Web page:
Fair Housing

NCRC’s Fair Housing program conducts testing and investigations, pursues independent enforcement actions, provides training and produces analysis to ensure equitable access to affordable housing choices.

Our fair housing team also works closely with NCRC members and our policy and government relations teams to advance policies that make fair housing a national priority and a local reality.

The Fair Housing Act prohibits housing discrimination in residential housing transactions (rental, real estate sales, lending, insurance, and appraisal) on the basis of race, color, national origin, religion, gender, disability or familial status (related to persons under 18 or pregnant women).

victim of housing discrimination?

If you believe that you have experienced housing discrimination, use our confidential complaint form to share your concerns. Someone from our team will contact you within three business days.

How can we help?

Contact us for more information about NCRC’s fair lending and consumer protection program, training and investigations, or to explore opportunities to collaborate or support our independent research and other projects.

Enforcement Work

We conduct enforcement of the federal fair housing act and other laws to help ensure economic and social justice for all.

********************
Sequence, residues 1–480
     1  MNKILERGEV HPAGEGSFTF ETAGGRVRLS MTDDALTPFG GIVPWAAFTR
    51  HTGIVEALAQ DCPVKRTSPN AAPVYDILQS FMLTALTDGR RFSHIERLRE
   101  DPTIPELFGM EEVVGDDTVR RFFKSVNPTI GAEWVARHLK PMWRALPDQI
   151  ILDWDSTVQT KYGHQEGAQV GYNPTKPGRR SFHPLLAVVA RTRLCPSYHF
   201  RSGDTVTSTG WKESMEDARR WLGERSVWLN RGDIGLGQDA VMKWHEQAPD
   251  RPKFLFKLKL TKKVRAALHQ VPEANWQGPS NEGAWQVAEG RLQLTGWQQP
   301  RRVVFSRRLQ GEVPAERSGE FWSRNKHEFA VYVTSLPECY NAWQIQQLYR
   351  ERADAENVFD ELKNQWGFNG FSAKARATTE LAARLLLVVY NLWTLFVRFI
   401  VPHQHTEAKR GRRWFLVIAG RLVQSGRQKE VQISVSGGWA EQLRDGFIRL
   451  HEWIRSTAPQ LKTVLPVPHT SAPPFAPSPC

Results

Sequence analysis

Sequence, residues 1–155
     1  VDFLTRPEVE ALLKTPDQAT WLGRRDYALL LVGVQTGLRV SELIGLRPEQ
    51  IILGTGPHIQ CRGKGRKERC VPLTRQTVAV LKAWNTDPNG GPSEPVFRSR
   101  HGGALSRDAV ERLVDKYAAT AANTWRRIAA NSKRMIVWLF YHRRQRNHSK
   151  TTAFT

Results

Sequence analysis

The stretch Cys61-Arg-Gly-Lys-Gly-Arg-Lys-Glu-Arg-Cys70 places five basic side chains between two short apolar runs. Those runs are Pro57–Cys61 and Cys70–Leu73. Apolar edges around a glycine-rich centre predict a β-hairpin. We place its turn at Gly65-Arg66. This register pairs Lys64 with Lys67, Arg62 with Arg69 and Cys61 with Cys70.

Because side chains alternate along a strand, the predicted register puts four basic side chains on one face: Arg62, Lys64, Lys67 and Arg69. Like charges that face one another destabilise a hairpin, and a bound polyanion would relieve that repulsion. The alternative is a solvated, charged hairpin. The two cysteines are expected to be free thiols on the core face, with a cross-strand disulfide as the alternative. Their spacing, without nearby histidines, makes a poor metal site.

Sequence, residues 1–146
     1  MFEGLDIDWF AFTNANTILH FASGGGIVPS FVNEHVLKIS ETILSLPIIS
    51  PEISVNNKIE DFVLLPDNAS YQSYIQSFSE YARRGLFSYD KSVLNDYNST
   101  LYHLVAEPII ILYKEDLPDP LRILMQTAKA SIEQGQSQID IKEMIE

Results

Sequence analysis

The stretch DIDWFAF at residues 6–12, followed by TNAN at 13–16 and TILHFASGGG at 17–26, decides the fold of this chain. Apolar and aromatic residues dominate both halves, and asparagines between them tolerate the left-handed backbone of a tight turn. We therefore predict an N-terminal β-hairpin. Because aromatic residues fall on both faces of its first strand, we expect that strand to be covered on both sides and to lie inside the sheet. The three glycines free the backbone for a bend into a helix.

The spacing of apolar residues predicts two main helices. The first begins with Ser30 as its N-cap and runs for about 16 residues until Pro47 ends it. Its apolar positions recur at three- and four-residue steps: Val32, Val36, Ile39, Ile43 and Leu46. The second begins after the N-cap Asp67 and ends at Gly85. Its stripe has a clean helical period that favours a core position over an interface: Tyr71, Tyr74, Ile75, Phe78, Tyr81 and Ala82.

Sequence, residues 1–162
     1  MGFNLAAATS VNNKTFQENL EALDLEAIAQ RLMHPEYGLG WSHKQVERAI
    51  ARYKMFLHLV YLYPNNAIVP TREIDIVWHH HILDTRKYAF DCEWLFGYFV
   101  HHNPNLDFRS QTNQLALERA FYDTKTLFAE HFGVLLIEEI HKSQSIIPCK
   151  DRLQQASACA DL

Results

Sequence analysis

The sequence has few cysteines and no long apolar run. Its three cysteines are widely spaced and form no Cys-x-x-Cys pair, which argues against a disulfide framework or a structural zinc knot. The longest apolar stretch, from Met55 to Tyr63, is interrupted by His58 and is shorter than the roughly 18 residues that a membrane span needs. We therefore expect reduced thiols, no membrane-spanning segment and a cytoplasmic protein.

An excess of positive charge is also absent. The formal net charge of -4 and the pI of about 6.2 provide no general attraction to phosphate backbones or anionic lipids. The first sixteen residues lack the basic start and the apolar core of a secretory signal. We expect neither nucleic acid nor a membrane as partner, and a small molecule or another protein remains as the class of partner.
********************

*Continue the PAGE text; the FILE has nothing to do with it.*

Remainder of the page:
We offer industry and the public training in fair housing laws and implicit bias. If you are interested in these trainings please reach out to Tracy McCracken

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Redlining and Neighborhood Health

Before the pandemic devastated minority communities, banks and government officials starved them of capital.

Lower-income and minority neighborhoods that were intentionally cut off from lending and investment decades ago today suffer not only from reduced wealth and greater poverty, but from lower life expectancy and higher prevalence of chronic diseases that are risk factors for poor outcomes from COVID-19, a new study shows.

The new study, from the National Community Reinvestment Coalition (NCRC) with researchers from the University of Wisconsin–Milwaukee Joseph J. Zilber School of Public Health and the University of Richmond’s Digital Scholarship Lab, compared 1930’s maps of government-sanctioned lending discrimination zones with current census and public health data.

Table of Content

  • Executive Summary
  • Introduction
  • Redlining, the HOLC Maps and Segregation
  • Segregation, Public Health and COVID-19
  • Methods
  • Results
  • Discussion
  • Conclusion and Policy Recommendations
  • Citations
  • Appendix

Complete the form to download the full report: